Here's To Those Who Died So I Can Speak Up For What I Believe!

Christians are outraged over the fact that Abdul Rahman, a 41-year-old former medical aid worker faces the death penalty under Islamic laws for becoming a Christian in Afganistan. I am outraged too.

There is absolutely no reason why anyone should be beaten, tortured or executed for their religious or nonreligious beliefs. But just like our apostate forefathers were beaten, tortured, and burned alive by Christians in order that I can have the freedom to deny my former Christian beliefs, so also there will be many former Muslims who will have to die before they will have the same freedoms. The problem is that Christians don't realize this is exactly what they did to suppress dissent and apostasy in past centuries. But I'm thankful for every one of our apostate forefathers. They helped give me my freedoms. Perhaps Christians should once again read about their faith.

To anyone who says Christianity is as bad as Islam, I say that I applaud the freedom to dissent without fear of dying. This would be a start for them.

10 comments:

CalvinDude said...

Can you tell me how exactly the deaths of those previous apostates helped give you your freedoms? I'm trying to track the logic, but it seems to me you're just saying that because you're hoping to score emotional points....

Ah, wait. I know. It's the beloved irony of the atheist who has no reason for morality complaining about moral issues yet again.

If a lion kills a zebra, do you wipe a tear from your eye? How about if a lion kills another lion?

But when people (who are just glorified meat) kill other people (who are just glorified meat), that deserves for a tear to be shed. Yes, yes. That's where this cruel nature red in tooth in claw suddenly becomes fluffy bunnies and cute kittens, when we want it to be that way.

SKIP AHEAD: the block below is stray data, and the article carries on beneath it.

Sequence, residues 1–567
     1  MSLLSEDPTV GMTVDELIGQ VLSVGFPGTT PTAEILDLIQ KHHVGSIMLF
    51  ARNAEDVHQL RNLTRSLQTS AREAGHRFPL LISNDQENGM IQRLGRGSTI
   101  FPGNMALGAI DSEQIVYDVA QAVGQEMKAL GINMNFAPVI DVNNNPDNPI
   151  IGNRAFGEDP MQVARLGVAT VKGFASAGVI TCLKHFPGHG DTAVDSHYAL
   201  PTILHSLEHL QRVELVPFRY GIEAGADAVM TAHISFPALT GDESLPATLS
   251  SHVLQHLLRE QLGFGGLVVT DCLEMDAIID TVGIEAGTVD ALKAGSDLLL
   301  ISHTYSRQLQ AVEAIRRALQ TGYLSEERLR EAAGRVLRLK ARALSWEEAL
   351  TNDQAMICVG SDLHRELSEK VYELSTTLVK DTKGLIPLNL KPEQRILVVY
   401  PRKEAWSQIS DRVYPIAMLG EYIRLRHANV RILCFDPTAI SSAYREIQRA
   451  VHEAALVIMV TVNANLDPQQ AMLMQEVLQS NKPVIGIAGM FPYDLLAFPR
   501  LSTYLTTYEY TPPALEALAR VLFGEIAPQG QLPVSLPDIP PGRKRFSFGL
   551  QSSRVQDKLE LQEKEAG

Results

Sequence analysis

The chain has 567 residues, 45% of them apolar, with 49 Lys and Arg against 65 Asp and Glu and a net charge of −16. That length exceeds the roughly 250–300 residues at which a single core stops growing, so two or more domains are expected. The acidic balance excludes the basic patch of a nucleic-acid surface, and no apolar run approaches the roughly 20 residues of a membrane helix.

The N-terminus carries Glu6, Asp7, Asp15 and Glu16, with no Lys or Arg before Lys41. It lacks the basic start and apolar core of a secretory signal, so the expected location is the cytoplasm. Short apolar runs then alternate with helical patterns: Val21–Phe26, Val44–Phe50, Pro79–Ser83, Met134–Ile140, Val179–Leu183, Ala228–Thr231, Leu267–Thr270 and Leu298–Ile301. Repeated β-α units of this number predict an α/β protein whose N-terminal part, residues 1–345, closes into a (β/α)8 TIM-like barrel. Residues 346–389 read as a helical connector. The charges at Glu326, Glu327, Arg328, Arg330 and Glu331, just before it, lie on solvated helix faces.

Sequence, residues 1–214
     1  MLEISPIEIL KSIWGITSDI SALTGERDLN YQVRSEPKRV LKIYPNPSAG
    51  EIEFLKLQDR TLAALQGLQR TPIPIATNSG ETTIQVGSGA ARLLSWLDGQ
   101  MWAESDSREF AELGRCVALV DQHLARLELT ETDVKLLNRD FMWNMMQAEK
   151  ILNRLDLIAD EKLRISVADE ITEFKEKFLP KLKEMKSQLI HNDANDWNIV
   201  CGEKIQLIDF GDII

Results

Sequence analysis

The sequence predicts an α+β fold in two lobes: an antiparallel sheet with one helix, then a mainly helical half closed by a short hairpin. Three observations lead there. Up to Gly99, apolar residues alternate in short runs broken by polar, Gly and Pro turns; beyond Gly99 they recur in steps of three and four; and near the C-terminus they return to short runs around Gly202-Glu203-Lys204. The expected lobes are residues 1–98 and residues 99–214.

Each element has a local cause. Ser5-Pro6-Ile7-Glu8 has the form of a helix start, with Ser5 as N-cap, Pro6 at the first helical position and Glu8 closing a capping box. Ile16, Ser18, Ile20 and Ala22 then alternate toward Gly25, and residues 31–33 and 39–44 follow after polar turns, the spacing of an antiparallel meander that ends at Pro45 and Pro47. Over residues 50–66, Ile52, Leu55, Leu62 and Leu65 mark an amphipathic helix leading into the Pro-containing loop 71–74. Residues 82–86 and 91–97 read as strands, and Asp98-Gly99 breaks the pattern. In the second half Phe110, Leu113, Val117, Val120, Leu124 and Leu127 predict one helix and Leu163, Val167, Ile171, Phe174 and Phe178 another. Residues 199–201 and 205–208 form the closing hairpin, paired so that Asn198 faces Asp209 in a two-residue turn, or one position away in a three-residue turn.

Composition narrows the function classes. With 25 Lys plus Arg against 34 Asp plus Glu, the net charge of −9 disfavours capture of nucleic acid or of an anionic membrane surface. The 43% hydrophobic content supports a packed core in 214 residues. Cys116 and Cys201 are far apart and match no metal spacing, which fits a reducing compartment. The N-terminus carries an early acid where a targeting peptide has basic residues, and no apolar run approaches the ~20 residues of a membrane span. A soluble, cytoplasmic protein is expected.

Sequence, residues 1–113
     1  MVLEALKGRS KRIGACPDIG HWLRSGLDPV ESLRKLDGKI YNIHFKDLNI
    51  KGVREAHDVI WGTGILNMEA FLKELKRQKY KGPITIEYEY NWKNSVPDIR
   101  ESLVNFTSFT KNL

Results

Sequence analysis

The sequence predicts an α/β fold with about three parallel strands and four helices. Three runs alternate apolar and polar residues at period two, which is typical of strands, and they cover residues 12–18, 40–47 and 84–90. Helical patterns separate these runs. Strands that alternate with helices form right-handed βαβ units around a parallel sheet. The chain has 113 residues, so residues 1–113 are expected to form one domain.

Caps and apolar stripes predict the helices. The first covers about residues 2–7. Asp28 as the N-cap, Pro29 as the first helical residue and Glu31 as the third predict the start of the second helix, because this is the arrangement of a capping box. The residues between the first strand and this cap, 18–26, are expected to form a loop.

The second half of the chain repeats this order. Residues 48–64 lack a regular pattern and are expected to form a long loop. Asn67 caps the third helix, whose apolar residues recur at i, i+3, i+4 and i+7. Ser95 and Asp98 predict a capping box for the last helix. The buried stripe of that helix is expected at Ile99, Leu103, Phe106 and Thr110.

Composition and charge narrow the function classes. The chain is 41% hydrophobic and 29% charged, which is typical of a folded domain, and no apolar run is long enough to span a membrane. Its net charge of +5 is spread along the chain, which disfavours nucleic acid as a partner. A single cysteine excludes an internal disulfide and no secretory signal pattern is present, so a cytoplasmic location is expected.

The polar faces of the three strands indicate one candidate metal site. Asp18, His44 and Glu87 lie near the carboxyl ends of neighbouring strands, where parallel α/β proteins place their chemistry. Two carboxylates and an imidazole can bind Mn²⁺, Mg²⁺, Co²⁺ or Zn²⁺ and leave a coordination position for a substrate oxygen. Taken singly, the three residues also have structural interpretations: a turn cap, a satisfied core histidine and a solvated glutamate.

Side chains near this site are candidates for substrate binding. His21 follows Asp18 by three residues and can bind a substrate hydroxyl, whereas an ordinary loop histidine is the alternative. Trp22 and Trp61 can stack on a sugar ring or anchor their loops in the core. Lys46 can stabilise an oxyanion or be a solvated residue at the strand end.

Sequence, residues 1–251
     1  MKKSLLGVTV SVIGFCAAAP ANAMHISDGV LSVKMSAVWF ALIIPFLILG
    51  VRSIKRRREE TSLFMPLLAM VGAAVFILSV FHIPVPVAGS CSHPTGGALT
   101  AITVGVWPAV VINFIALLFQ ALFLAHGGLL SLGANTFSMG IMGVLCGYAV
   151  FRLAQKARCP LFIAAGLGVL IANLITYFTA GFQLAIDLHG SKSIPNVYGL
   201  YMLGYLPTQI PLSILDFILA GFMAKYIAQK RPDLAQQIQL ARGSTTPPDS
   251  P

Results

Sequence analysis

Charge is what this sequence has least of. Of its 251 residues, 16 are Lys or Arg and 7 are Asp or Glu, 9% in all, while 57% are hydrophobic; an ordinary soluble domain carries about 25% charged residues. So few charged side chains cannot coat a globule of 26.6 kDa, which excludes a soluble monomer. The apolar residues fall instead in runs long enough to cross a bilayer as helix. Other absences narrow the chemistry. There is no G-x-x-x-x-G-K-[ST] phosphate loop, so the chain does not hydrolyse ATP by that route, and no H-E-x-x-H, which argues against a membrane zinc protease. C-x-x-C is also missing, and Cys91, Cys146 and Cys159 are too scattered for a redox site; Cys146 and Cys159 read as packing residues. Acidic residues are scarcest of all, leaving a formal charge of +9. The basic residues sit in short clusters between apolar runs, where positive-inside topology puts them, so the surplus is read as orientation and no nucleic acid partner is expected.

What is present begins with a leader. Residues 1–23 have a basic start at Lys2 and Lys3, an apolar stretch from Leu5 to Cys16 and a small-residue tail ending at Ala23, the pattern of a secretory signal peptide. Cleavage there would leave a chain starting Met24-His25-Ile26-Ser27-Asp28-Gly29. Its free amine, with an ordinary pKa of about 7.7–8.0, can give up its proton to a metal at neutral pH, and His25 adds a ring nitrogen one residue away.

But you go on feeling that way, while those of us who have a reason for morality will continue to not kill you.

Dale Callahan said...

I agree that there have been many horrible things done in the name of Christ. But when we look to the standard of morality that the Christian holds to we see that these horrible things were actually done against that standard. I am amazed that you have the nerve to comment on Christianity's past though. There have been some pretty horrible things done [just in this last century] to promote the religion of humanism. Dictators killing their tens of millions to promote the common good.

But for both the Christian and unbelieving sins or crimes I have an ultimate, absolute, universal standard of morality by which I judge something evil or good.
You do not.

You want the freedom to chose for yourself what is good or evil [in your own life] but then want to condemn others for doing the same thing [Muslims and Christians].
Not very consistent are you.

You may not want to kill others, but others may not want to subject themselves to your standard...who do you think you are...God?

Bruce said...

Can you tell me how exactly the deaths of those previous apostates helped give you your freedoms? I'm trying to track the logic, but it seems to me you're just saying that because you're hoping to score emotional points....

And this comment is coming from someone who believes in that whole nonsensical Jesus dying for our sins thingy. Oh the irony.

But you go on feeling that way, while those of us who have a reason for morality will continue to not kill you.

I've said it before and I'll say it again, Christianity harbors the biggest number of potential mass murderers and serial killers in history. Thank their god that they are constrained by their beliefs.

But when we look to the standard of morality that the Christian holds to we see that these horrible things were actually done against that standard.

No true Scotsman Fallacy

There have been some pretty horrible things done [just in this last century] to promote the religion of humanism.

I'd be interested to hear your definition of humanism (hint: it isn't Soviet or Indochinese communism).

But for both the Christian and unbelieving sins or crimes I have an ultimate, absolute, universal standard of morality by which I judge something evil or good.

So you and every other Christian agree with the Pope's opposition to the death penalty. Or maybe Catholics use a different bible?

You want the freedom to chose for yourself what is good or evil [in your own life] but then want to condemn others for doing the same thing [Muslims and Christians].

You're not doing the same thing. We are freely exercising our intellect to make decisions about right and wrong. You are mindlessly obeying whatever it is you think the Bible tells you. Also, we try not to impose our sense of right or wrong on anybody else unless absolutely necessary. You have no problem condeming people who have done you no harm.